Austrian journalist and author; born in Prague 1807; died in New York Sept. 23, 1867. His name was originally Wiener, but, being desirous of pursuing a juridical career, which was not then possible for a Jew in Austria, he embraced Catholicism, assuming the name Wiesner. After practising law in the criminal court of Vienna for a short time, he devoted his endeavors to literary pursuits; and by the aid of Count Kolowrat, then home secretary, his historical drama "Inez de Castro" was staged at the Vienna Burgtheater in 1842. A second play, entitled "Die Geiseln und der Negersklave," and based on Emperor Charles V.'s expedition against Tunis, failed, however, of acceptance. He was the author of two more dramas: "Der Feind" and "Der Arzt und Seine Tochter."
In reply to the Russian privy councilor L. von Tengoborsky's work "Die Finanzen, der Oeffentliche Credit, die Staatschuld und das Besteuerungssystem des Oesterreichischen Kaiserstaates" (2 vols., Paris, 1843), which attracted considerable attention, Wiesner wrote his "Russisch-Politische Arithmetik" (2 vols., Leipsic, 1844). In 1846, the political situation in Vienna becoming intolerable, he went to Frankfort, and shortly after his valuable historical work "Denkwürdigkeiten der Oesterreichischen Censur vom Zeitalter der Reformation bis auf die Gegenwart" (Stuttgart, 1847) appeared. In 1848 he was elected to the Frankfort Parliament, siding with the extreme Left; and during its session he edited the "Frankfurter Oberpostamts-Zeitung."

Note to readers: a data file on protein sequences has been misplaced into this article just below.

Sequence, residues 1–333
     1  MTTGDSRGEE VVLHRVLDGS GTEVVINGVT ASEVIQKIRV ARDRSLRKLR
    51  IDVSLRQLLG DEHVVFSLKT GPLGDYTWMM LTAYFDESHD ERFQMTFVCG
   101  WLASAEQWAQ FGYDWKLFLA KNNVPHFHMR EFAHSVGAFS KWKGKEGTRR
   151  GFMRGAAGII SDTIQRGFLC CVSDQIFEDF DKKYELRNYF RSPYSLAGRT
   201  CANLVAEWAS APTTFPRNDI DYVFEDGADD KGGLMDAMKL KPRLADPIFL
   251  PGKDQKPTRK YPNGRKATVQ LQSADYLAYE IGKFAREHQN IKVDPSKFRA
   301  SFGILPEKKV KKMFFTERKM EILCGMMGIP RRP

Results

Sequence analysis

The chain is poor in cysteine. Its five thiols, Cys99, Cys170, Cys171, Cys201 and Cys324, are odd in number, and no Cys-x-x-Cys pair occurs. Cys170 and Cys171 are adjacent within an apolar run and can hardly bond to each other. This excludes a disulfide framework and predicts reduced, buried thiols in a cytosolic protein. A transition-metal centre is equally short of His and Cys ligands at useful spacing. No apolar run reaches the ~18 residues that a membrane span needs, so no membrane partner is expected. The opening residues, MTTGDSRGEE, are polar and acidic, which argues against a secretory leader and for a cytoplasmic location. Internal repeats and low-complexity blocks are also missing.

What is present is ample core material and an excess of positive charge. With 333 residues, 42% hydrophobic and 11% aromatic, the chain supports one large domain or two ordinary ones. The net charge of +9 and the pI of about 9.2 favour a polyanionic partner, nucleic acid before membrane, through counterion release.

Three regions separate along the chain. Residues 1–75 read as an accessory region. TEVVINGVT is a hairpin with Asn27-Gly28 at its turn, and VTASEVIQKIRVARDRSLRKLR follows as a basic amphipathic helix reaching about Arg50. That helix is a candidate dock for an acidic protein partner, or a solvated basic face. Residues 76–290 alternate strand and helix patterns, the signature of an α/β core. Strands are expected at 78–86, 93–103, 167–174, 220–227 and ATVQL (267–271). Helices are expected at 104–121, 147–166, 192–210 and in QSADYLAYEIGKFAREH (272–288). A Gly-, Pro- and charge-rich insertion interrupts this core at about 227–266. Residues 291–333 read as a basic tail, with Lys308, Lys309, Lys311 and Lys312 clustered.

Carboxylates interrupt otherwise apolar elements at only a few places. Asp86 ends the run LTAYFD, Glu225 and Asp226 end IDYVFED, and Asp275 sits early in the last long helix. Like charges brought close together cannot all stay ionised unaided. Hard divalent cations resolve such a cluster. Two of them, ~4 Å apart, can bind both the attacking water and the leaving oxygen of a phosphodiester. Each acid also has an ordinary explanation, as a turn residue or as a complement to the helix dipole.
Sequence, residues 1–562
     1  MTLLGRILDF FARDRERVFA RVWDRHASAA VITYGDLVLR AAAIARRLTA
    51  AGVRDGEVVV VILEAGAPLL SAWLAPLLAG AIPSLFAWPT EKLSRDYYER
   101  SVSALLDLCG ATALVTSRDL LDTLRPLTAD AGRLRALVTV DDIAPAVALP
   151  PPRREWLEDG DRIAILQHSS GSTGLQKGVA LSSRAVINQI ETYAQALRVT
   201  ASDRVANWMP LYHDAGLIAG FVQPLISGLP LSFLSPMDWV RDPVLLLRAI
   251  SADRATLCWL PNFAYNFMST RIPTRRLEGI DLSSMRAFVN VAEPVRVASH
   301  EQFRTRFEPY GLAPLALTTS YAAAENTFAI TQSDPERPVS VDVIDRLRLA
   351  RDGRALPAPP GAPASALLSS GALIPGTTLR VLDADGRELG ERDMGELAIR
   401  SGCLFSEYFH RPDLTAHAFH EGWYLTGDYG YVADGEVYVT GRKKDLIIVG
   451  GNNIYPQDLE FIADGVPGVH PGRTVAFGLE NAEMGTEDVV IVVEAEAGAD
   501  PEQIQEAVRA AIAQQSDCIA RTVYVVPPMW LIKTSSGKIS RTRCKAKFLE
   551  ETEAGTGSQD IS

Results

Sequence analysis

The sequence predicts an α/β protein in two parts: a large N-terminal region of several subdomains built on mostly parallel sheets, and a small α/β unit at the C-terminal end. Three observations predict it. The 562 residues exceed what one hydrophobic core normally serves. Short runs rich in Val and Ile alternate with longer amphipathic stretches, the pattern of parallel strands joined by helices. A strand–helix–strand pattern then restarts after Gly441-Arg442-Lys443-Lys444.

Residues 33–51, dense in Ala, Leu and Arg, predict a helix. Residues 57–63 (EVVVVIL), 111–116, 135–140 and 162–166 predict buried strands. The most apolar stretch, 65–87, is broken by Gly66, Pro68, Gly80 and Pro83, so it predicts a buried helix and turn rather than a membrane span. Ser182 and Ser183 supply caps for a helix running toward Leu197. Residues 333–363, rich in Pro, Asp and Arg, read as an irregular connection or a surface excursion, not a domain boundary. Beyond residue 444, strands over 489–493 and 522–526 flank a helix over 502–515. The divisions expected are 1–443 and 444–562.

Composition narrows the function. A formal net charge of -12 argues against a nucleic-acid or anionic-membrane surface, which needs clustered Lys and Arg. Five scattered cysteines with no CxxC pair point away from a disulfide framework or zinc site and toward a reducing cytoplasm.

Seeing no future for himself in Germany, and being still unable to return home, Wiesner emigrated in 1852 to the United States. He settled in New York, and for some years was employed by railroad and steamship companies, besides doing literary work. It was due to his activity that the Schiller monument was erected in New York in 1859. In 1860 he edited the periodical "Geist der Weltliteratur," which enjoyed but a brief existence. He afterward moved to Baltimore, where he edited a "Turn-Zeitung." During the Civil war he devoted himself to the care of disabled Union soldiers; and at the close of the war the federal government acknowledged his good offices by appointing him to a post in the Baltimore custom-house, where he rendered himself helpful to the many German immigrants with whom he came in contact. Early in 1866 he became editor of the "Illinois-Staatszeitung." On learning of the imperial amnesty of June 8, 1867, Wiesner, though very ill, started for Germany. He reached New York exhausted, and suffered an attack of typhoid fever, from which he died.
- Wurzbach, Biog. Lex.;
- Presse (Vienna), 1867, Nos. 64, 184;
- Fremden-Blatt, 1867, No. 282;
- Der Wanderer (Vienna), 1867, No. 280;
- Neues Wiener Tageblatt, 1867, No. 213;
- Neue Freie Presse, 1867, No. 1118;
- Heinrich Laube, Das Erste Deutsche Parlament, i. 66, 283; ii. 99, 175, Leipsic, 1849.